Cracked gas main blamed for house explosion that killed woman

A house explosion which killed a woman as she was on a video call to her partner is likely to have been caused by a cracked gas main, an inquest has heard.

Hazel Wilcock, 61, died when her terraced home was destroyed by the blast in the village of Summerseat in Ramsbottom, Bury, just before 9.30pm on Wednesday February 17.

An inquest at Rochdale Coroner’s Court on Thursday heard Miss Wilcock, a bereavement counsellor for St Ann’s Hospice, had been on a Facetime call with her boyfriend Tony Dewes when he saw the screen go black at about 9.15pm.

Miss Wilcock’s brother Graham, 70, said he heard the explosion from his apartment, about 100 metres away, and when he was unable to contact his sister he went out towards her house on East View.

He said: “It was flat.

“There was nothing there, you could see straight through it.”

Hazel Wilcock (St Anne's Hospice/PA)
Hazel Wilcock (St Ann’s Hospice/PA)

The hearing was told Ms Wilcock’s body was found on the sofa in the front room by search crews at about 3am on February 18.

Her cause of death was recorded as traumatic asphyxia.

Mr Wilcock, who thanked the emergency services for their response, said: “I just still can’t believe it has happened and I miss her, I miss her terribly.”

The inquest heard Miss Wilcock’s next door neighbour, who was taken to hospital along with her daughter after the blast, later told police she had smelt gas at about 9pm.

Engineer Steven Critchlow, from the Health and Safety Executive (HSE), said the most likely cause of the explosion was a gas leak from a cast iron main pipe 35 metres away from the house, which had permeated through the soil and into the basement of Ms Wilcock’s home.

The coroner’s court heard the fuel was likely to have been ignited by a washing machine or chest freezer in the cellar.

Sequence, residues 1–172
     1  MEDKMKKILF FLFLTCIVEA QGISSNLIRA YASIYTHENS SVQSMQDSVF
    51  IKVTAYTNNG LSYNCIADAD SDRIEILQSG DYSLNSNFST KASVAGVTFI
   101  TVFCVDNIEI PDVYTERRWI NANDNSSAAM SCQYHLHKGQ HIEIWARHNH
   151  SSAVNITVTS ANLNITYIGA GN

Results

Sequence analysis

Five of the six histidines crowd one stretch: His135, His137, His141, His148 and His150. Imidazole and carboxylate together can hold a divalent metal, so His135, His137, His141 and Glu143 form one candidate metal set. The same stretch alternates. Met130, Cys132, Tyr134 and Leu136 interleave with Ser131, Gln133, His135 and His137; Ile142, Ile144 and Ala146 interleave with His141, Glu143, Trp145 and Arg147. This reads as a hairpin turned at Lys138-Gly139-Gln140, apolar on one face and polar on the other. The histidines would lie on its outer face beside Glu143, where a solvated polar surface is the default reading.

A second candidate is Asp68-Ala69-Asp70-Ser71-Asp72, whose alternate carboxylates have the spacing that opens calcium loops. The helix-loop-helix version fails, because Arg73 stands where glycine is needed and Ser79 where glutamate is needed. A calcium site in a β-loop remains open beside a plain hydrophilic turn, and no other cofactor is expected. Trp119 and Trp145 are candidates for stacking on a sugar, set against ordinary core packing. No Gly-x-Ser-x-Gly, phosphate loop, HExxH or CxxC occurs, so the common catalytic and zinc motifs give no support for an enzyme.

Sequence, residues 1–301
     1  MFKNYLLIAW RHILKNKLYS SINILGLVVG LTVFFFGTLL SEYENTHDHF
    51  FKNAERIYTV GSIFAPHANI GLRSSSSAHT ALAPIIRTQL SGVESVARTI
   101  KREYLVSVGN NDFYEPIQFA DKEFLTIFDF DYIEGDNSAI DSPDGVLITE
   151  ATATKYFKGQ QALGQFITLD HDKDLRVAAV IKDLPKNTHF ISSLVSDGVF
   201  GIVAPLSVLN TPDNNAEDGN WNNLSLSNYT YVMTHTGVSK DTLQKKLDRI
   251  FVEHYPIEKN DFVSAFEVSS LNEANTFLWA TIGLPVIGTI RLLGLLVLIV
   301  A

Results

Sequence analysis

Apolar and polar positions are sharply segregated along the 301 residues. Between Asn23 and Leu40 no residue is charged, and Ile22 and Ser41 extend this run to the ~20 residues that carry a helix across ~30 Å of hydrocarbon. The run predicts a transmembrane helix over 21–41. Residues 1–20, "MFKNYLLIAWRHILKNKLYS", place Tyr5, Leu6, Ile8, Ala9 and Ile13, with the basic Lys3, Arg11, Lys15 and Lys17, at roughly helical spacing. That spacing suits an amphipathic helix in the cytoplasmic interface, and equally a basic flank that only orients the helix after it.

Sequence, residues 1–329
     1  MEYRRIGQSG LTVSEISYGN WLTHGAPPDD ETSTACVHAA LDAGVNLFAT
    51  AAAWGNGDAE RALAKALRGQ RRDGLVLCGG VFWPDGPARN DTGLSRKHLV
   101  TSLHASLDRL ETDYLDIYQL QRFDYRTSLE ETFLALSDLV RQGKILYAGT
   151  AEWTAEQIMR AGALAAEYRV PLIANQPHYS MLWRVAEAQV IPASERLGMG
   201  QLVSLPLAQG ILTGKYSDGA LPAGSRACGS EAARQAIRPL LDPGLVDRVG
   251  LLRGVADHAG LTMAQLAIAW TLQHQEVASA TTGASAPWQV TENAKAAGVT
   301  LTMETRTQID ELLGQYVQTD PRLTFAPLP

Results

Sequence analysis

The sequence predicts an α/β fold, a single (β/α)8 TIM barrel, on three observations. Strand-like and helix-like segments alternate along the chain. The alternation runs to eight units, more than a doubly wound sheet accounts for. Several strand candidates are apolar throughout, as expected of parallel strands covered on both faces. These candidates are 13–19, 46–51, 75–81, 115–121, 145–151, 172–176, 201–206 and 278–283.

Mr Critchlow said: “We have been able to rule out every cause other than a failed gas main at the bottom of the road.

“We know that gas was permeating through the soil from that failed gas main and we know that gas had got into the cellars of properties so my conclusion is that this is an incident caused by the failure of a cast iron main.”

The remains of the property (Peter Byrne/PA)
The remains of the property (Peter Byrne/PA)

HSE inspector Ian Redshaw said the fractured pipe, which had a crack about two thirds of the way round, was located by gas company Cadent after the explosion.

He said cast iron pipes in the gas network were being replaced as part of a 30-year programme across the country, which began in 2002, but the main in this case had not been scored as a high priority for replacement.

He said: “Cast iron is a very strong material but it is a brittle material as well and there have been and continue to be a number of failures of cast iron pipes within the gas networks.”

Detective Inspector Alison Witkiewicz told the inquest she had considered whether any criminal offences had been committed but there was nothing that met the threshold for a prosecution.

Senior coroner for Manchester North Joanne Kearsley recorded a conclusion of accidental death.

Addressing a number of Miss Wilcock’s friends and relatives who had attended the hearing, she said: “She sounds like, both professionally and personally, quite a remarkable lady.”